The House has approved legislation to prohibit the Obama administration from using funding to defend against the 26 states carrying out a legal challenge to the president’s executive amnesty.
The amendment to the Commerce, Justice, Science Appropriations Act, offered by Rep. Steve King (R-IA), passed on a vote of 222 – 204. Nineteen Republicans voted against the measure with a unanimous Democratic caucus.
“This Congress has three times voted to reject the President’s initiative and the debate has been centered on Constitutional grounds,” King said on the House floor, noting that 22 times that Obama himself did not have the authority to move forward with executive amnesty for millions of illegal immigrants.
Twenty-six states, led by Texas, have challenged the Obama administration over the executive amnesty programs — specifically the expansion of the Deferred Action for Childhood Arrivals (DACA) program and Deferred Action for Parents of Americans and Lawful Permanent Residents (DAPA).
In February a federal district court blocked the programs’ implementation and the 5th Circuit Court of Appeals refused the administration’s call for an emergency stay of the lower courts’ ruling last month. A lot of legal wrangling remains.
“So my amendment prohibits any of the funds from being used to further defend this unconstitutional executive amnesty position,” King said on the House floor.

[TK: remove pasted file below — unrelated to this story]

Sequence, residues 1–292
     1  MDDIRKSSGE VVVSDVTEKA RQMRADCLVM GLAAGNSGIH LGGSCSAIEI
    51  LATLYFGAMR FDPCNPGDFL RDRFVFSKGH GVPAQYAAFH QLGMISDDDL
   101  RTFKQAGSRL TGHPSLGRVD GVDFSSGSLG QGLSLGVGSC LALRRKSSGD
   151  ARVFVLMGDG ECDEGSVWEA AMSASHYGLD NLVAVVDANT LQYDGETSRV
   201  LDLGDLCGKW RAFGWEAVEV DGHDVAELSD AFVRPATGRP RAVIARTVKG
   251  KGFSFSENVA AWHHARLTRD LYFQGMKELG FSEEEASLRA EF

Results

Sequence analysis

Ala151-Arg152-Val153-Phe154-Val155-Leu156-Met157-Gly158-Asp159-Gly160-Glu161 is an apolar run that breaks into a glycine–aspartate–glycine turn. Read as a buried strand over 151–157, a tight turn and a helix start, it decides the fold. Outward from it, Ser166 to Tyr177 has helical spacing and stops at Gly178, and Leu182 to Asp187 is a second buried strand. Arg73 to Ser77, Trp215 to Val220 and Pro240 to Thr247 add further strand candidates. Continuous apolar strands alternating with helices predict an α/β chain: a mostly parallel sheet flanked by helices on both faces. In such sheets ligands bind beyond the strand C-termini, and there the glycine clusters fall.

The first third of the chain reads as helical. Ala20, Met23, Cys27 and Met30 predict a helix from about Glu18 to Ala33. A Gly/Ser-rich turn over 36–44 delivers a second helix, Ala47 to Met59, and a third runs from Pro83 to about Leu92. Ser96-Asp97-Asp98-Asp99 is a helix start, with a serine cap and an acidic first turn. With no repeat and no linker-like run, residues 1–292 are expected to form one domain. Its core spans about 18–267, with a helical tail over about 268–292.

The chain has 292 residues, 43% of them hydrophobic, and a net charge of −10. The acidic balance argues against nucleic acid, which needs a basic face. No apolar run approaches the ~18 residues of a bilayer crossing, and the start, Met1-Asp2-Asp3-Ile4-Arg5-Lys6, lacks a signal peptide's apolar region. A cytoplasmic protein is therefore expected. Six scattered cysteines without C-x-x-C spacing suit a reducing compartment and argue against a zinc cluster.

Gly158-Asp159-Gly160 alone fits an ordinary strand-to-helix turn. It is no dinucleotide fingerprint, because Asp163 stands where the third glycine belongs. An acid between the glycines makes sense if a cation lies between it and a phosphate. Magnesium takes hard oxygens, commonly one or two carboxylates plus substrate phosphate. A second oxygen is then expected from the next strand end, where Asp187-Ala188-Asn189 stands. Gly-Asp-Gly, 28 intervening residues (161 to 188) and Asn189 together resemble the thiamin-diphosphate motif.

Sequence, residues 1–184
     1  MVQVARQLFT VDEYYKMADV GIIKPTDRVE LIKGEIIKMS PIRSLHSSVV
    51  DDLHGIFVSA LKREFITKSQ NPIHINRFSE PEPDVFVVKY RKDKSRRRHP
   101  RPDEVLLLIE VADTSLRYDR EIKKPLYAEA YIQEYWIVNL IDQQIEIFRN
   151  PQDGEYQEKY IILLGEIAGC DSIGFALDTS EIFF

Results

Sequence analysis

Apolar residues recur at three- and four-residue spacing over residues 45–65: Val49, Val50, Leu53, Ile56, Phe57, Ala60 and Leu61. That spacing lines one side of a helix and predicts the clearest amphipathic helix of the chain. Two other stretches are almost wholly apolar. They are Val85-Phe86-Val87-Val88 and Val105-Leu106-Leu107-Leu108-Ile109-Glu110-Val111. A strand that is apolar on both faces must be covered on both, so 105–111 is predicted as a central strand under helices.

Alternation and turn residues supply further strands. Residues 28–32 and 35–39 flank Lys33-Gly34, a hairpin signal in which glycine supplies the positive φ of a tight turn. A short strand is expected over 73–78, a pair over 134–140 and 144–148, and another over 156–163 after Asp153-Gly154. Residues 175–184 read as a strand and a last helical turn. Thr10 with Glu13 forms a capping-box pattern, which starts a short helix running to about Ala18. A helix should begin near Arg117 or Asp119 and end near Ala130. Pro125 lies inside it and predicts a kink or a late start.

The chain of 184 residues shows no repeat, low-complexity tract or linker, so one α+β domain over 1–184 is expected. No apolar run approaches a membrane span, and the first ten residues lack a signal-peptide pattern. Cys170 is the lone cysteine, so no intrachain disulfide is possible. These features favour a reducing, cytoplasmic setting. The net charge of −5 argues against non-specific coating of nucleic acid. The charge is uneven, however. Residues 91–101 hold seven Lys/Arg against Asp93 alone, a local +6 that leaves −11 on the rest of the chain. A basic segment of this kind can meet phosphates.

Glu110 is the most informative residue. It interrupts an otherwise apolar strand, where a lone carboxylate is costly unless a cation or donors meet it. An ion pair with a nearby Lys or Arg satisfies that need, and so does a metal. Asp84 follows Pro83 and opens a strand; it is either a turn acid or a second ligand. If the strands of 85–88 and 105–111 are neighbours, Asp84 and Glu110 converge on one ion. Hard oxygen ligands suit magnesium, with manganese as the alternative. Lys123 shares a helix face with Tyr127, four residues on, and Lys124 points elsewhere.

King’s measure to block the administration from defending executive amnesty was not the only King amendment approved Wednesday evening. The Associated Press reports that the House also approved a King amendment to block trade deals from adding visas by voice voice.
“The rational is this that there has been much concern about the negotiations with regard to Trade Promotion Authority in particular, enabling the discussion about immigration visas as being part of the trade negotiations. It’s a long standing pattern and practice of this Congress to assert our Constitutional authority over immigration visas,” King said, adding that a lot of concern about the TPA and Trans Pacific Partnership is that it will try to include additional visas.
The House also voted 227-198 for a King amendment to block funding to localities that do not cooperate with immigration enforcement or sanctuary cities, with 14 Republicans voting against the measure with a unified Democratic caucus.